Saturday, February 18, 2017

Health History 2011-2016

Hello world! :D

I realize that getting on this blog once a year or so for several years with the same song and dance looks a little bit like “the little boy who called 'wolf!;'” ...but alas I will prevail! ;) If you are new here, the song and dance is that I exercised again, got really sore, and decided it is way past time to start training again for triathlons and get back in shape. :D

Today, I'll skip the song and dance and instead give a BRIEF (and vague) summary of my health and training (ha! Ha! Or rather, non-training) history for the past few years so you know where I am now – at the start of my, soon to be consistent training. ;) Honestly, if you aren't truly interested in knowing just skip the rest of this and come back for more interesting future posts. I promise they will be 100X better! ;) Oh... I have actually been consistently running about 2 miles a day this past week! :) (Sadly sore, but happily consistent! ;))


Six years ago (March of 2011) I began running for the first time in preparation for my first half marathon, which I ran two months later at a 10 minute mile (I haven't done it since, at an official race at least, but did it for fun many times after at a much faster pace... around an 8.5 mile avg. I think). I also did a tiny sprint triathlon with 8 other friends with one day notice (obviously I didn't train for that! ;o).

The following year (2012) I kept running; re-assembled my bike after many years; and learned to swim... to train for triathlons for the first time in my life (it was awesome! :D). I actually prepared for and participated in both a Sprint Triathlon and an Olympic Triathlon. :D It felt great. These were huge accomplishments and I was sure I would keep it up each year for the rest of my life. :)

And then... something truly tragic happened the day of the second race – the fresh and painful memory of which stung so badly that I couldn't get myself to keep training. I stopped training. For a long time.

I TRIED to start training again, over and over again. And I think I finally did get consistent about 2 years later... during the winter of 2014-2015. I was running with several friends and I think I ran 4-5 (maybe 3-4) days each week for a a few months straight and going strong.

Then my mother was placed on Hospice in a nursing home (dying of Kidney disease, also suffering from heart disease and several other major autoimmune diseases)... I moved her in with me the end of February 2015 and that was the end of consistency. Mom was completely bedridden with no use of her legs and too much edema to get in a wheel chair. It took all my time to care for her and was very stressful. I tried to learn all I could to know how to help minimize her symptoms and suffering. She passed on only six months after moving in with me.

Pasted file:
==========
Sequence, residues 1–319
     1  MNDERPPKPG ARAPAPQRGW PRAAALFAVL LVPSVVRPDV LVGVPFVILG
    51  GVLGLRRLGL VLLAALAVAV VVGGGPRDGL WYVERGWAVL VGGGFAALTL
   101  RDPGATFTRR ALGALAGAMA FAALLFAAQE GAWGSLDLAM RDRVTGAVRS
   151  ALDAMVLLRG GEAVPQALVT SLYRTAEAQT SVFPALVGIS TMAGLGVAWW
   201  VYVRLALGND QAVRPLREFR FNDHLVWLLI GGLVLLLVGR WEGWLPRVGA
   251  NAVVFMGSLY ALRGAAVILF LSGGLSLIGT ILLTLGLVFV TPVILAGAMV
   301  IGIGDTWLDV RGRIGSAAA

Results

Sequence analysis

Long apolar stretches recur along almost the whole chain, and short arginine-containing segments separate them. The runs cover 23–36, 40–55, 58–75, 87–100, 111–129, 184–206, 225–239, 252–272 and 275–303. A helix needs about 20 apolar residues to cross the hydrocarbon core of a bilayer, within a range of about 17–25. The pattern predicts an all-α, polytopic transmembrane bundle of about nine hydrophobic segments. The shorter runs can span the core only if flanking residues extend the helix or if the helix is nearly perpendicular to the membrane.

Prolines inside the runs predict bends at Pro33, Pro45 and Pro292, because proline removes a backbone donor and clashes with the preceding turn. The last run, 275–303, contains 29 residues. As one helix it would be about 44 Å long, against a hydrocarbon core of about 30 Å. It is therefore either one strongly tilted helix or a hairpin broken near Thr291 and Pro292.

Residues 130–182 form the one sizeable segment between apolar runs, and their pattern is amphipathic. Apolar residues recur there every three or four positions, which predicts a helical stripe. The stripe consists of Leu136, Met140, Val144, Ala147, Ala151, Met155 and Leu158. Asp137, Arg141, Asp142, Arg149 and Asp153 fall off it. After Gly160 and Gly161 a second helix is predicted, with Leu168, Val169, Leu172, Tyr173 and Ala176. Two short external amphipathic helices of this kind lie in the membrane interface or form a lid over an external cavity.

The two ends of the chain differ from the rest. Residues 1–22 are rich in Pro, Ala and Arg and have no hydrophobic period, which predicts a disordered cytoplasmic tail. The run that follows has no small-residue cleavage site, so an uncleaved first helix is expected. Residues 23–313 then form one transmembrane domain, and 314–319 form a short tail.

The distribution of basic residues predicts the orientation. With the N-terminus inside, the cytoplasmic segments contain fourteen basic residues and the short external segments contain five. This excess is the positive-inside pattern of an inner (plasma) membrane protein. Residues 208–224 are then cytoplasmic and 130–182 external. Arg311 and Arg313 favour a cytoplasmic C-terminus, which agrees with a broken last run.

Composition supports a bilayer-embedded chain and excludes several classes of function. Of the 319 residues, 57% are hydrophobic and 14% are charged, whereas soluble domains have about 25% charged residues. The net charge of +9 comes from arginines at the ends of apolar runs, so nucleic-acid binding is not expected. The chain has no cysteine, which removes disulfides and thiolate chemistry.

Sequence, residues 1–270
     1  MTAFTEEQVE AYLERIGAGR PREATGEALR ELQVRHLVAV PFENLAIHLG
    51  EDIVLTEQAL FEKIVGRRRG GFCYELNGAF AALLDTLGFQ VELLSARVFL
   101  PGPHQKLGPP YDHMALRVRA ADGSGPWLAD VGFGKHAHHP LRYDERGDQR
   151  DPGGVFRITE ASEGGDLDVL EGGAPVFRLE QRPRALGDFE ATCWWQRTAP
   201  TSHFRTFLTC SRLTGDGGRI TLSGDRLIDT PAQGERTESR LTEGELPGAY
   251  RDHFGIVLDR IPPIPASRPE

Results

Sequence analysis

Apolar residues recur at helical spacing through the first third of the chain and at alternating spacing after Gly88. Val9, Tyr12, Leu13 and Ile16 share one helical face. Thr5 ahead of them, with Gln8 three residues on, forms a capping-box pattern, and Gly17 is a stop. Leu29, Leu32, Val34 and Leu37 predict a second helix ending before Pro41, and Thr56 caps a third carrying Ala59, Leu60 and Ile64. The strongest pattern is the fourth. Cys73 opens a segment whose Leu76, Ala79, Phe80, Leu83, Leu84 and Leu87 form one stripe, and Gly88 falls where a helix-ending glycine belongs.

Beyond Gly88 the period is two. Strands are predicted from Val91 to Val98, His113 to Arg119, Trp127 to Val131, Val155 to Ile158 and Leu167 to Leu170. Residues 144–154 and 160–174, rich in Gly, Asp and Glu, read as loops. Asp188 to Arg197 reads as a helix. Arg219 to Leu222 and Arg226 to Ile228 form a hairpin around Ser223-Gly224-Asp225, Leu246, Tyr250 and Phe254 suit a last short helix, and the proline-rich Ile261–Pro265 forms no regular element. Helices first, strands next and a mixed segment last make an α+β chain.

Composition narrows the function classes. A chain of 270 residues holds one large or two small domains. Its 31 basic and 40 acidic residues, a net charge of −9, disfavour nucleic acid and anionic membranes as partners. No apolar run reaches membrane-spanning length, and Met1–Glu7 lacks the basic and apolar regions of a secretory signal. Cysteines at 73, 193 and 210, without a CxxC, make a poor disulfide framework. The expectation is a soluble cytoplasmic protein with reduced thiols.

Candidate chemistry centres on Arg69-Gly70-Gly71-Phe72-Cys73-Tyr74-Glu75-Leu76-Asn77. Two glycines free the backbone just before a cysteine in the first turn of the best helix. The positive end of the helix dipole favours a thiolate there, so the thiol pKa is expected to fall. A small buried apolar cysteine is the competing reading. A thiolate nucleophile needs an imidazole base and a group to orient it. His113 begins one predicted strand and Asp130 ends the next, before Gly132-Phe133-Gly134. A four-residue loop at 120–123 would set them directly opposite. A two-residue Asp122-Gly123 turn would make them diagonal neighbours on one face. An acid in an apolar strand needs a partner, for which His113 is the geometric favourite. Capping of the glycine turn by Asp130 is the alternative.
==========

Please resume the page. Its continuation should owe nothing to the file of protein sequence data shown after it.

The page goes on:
The sacrifice was nothing compared to the honor and privilege of caring for my wonderful mother and I could NEVER regret it! However, there were health consequences for the next many months (which are still in effect now, two years later). My adrenal glands were severely fatigued, and I developed many symptoms of auto immune diseases I watched my mother suffer from... nephropathy, fibromyalgia, insomnia, digestive issues, allergies, arthritis, edema, weight gain, severe exhaustion (I fell asleep sitting up most afternoons after coming home from working)... Some symptoms were very severe. It was hard. I wanted to do triathlons again, and planned to (I was even signed up for a sprint triathlon the following year, but got a foot injury and could not run at all so “had” to bail... ;0). Despite the desire to train, I instinctively knew that I shouldn't... that I needed to exercise easy... jog slowly etc. My body needed REST to help it recover and repair - not intense exercise!

In caring for my mom and researching to help her with the autoimmune diseases she suffered from, I learned a lot that came in handy when the symptoms showed up in my own body. I learned about how stress and toxic environmental factors affects one's health. I also learned about food triggers. I finally acknowledged and determined that I needed to give myself some of the care I gave my mother. I haven't been perfect, (which has made it easy to see that the changes truly were needed) but my health has improved much. There are still things I need to do which I did for my mother to help me heal (easy to spend money on supplements etc. for mom – not always easy to do for myself). I continue to research and learn to be able to help myself, and my family. I still have much healing to do in my own body and am SO thankful for what I learn through my own experiences so I can help others. :)

I live a pretty healthy, normal life. Nothing I go through would cause alarm in others. No one knows about the nerve damage I feel or other physical discomforts I experience (or of the intense symptoms I experienced the first year following mom's death). But for me, I took care of my mother my whole life and learned a lot from watching and caring for her. I recognize pains and symptoms I experience as signs of early stages of autoimmune diseases. I know first hand where this path leads! And I am determined to get off it! :)

My mother suffered SO MUCH. But I know, because I am a mom who is happy to suffer so my kids will hopefully not suffer – she regrets none of it. I hope to learn a lot and help her posterity – and others – so all she went through will be a blessing to others and nothing she went through will be in vain...

And so, I will get back to "training" in a way that is healthy for me... with wisdom, not too intensely - but consistently. I will keep learning and improving my diet and do what ever I can to be healthy. For me, and for everyone who can learn and benefit from the success and healing I pray for. :)